We are grateful to have Team Leaders like Bob, Laura and Jim in our midst and would like to thank them for their combined 43 years of service. Our team is stronger because of them and we appreciate all that they do to support the cause.
Each year Community Harvest Project relies on generous donations from community grantors to keep our programs running. Last year was no exception and in 2017 our grants supported a large range of CHP’s work, from operating support to specific equipment or programs.
Many exciting projects were made possible by these corporate and foundation grants, such as outfitting our new greenhouse with electricity, heat and watering automation. These funds also supported necessary investments in equipment such as repairing our rototiller, purchasing a chisel plow and cultivation tractors. We were also able to plant an experimental crop garden to pilot increasing the varieties we donation.
Thank you to our generous grantors, listed below, who ensure that CHP can continue fulfilling our mission. In 2017, your grant support helped enable CHP to donate 1,130,496 servings of fresh fruits and vegetables through 15 local community partners serving 90,000 individuals and families. 8,456 community volunteers of all ages helped us get the work done.
The 200 Foundation
Bank of America Foundation
Blue Cross Blue Shield of Massachusetts
Clif Bar Family Foundation
Cummings School of Veterinary Medicine At Tufts University
Dell Direct Giving Campaign
Doe Family Foundation
Eastern Bank Charitable Foundation
Evangelical Lutheran Church in America
Foundation for MetroWest
The Francis A & Jacquelyn H. Harrington Foundation
Fred Harris Daniels Foundation
French Family Foundation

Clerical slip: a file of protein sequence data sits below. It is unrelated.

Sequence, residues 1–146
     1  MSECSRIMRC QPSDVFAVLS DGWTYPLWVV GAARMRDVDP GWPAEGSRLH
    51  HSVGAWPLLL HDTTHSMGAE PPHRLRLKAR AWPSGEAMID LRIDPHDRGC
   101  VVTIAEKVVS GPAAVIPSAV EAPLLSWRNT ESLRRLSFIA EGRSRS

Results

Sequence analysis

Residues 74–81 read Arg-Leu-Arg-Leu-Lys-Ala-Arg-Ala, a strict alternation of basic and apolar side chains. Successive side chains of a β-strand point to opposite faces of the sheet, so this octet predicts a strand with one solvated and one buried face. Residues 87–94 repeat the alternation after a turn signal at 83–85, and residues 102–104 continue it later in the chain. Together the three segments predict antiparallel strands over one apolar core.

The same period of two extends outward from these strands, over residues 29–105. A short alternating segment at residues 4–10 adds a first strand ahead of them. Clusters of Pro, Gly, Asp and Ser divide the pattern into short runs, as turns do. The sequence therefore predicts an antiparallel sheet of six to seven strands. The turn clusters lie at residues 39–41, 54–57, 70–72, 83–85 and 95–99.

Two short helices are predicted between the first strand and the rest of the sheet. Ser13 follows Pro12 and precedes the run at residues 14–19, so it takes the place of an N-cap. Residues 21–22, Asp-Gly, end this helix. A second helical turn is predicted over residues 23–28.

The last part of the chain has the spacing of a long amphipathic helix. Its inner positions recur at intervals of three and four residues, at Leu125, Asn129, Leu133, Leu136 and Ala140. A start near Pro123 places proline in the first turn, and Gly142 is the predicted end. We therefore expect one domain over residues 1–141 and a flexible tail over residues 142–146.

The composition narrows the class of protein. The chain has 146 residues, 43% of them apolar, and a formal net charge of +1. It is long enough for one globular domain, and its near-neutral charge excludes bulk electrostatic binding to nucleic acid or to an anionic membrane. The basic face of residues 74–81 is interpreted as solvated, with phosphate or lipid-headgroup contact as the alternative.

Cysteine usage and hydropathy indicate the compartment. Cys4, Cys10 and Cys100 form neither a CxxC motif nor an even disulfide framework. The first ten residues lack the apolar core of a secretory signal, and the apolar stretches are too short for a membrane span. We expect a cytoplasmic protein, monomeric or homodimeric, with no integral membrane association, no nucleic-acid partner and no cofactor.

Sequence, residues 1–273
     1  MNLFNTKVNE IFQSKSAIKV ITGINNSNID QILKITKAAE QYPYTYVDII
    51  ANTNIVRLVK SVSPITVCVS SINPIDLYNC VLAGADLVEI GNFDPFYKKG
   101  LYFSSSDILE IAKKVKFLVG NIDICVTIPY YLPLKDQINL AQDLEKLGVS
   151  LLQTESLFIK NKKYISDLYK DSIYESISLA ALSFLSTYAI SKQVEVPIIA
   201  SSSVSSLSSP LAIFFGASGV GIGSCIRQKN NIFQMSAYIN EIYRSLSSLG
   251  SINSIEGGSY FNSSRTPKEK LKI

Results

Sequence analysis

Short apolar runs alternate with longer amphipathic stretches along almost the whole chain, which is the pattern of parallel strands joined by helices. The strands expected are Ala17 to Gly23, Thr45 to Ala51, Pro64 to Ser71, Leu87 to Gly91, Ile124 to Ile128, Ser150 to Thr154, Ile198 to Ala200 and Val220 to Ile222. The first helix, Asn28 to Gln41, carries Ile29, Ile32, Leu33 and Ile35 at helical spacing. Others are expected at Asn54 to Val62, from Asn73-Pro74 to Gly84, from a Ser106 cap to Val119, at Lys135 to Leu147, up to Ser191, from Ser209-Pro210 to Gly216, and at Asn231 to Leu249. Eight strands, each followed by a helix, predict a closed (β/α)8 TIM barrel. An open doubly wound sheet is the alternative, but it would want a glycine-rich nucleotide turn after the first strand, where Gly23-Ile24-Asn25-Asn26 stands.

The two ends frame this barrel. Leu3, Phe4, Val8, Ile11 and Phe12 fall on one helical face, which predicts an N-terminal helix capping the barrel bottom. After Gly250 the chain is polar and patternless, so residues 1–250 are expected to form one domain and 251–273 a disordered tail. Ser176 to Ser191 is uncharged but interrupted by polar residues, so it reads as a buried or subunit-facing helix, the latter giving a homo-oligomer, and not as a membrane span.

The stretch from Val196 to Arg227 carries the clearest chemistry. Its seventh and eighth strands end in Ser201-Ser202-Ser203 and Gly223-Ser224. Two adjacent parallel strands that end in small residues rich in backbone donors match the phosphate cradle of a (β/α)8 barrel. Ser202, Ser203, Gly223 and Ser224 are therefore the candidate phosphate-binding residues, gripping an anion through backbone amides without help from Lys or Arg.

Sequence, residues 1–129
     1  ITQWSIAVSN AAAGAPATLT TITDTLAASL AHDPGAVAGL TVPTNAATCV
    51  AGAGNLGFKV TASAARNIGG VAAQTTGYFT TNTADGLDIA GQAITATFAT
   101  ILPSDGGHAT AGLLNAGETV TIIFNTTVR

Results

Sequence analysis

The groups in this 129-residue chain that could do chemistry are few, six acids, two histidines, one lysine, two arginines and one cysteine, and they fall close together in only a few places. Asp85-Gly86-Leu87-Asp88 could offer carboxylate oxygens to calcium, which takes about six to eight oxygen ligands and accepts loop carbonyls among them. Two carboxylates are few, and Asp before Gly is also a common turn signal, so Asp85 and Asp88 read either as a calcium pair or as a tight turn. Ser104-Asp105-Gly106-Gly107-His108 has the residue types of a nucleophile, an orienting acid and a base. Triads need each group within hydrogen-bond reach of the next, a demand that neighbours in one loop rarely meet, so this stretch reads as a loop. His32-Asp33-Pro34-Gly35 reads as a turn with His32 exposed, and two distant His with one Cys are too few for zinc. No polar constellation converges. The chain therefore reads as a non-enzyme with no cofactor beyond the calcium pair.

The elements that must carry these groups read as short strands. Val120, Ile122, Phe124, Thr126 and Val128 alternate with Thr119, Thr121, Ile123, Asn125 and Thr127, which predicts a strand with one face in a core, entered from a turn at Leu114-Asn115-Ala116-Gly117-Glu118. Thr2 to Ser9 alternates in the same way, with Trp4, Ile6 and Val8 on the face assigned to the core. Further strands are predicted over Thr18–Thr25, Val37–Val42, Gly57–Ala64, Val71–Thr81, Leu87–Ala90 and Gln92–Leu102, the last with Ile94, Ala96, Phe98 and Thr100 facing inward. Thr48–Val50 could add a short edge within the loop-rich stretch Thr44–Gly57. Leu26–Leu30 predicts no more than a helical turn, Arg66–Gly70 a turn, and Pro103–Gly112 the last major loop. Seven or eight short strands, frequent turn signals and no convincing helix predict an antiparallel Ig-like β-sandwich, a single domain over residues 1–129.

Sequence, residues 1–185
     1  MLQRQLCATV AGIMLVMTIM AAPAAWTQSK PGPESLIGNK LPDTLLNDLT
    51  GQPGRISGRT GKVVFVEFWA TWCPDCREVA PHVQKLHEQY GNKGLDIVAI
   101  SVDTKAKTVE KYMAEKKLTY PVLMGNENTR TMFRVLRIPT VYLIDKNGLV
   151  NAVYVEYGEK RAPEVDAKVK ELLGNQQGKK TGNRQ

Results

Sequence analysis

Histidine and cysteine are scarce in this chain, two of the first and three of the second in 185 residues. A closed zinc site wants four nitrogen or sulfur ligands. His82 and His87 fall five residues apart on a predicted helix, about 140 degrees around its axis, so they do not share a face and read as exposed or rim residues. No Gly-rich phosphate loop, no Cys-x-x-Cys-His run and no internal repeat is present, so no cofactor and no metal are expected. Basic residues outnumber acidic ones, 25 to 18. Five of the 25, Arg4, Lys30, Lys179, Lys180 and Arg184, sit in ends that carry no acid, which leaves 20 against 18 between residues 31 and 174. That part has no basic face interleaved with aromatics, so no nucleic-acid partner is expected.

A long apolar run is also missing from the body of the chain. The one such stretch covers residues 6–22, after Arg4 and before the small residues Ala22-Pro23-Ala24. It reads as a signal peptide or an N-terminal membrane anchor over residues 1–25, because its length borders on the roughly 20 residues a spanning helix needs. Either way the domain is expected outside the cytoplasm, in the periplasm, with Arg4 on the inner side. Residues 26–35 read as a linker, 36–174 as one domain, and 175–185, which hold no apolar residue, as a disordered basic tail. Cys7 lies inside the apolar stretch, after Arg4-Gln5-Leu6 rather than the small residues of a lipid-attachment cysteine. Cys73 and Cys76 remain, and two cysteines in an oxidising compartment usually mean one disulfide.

George F. and Sybil H. Fuller Foundation
George I. Alden Trust
Greater Worcester Community Foundation
Hanover Insurance Group Foundation
Harvard Pilgrim Health Care
The Mildred H. McEvoy Foundation
The Milford National Charitable Foundation Inc.
Nativity School of Worcester
Nypro – A Jabil Company
People’s United Community Foundation
Reliant Medical Group Foundation Inc.
Ruth H. and Warren A. Ellsworth Foundation
Schwartz Charitable Foundation
The TJX Foundation, Inc.
Webster Five Foundation
Worcester County Food Bank
Worcester Garden Club
Even a little means a lot. Becoming a Monthly Giver by registering online for automatic, monthly donations, is a great way to provide support for the programs and experiences that make Community Harvest Project great, starting with a gift as low as $10.
Join the increasing number of volunteers and community members who have chosen to become sustainers. Show your support and make your monthly gift today to support the farms all year long.
Monthly donations financially prepare the farms for unforeseen circumstances that arise on our farms. Peach, one of our beloved Volunteer Team Leaders and a Monthly Giver, experiences the inconsistency of working with weather and knows her monthly donations are valued throughout the year. Peach perfectly captures why monthly donations make a difference:
“Giving a little bit every month is easy and convenient for me. Just as our neighbors rely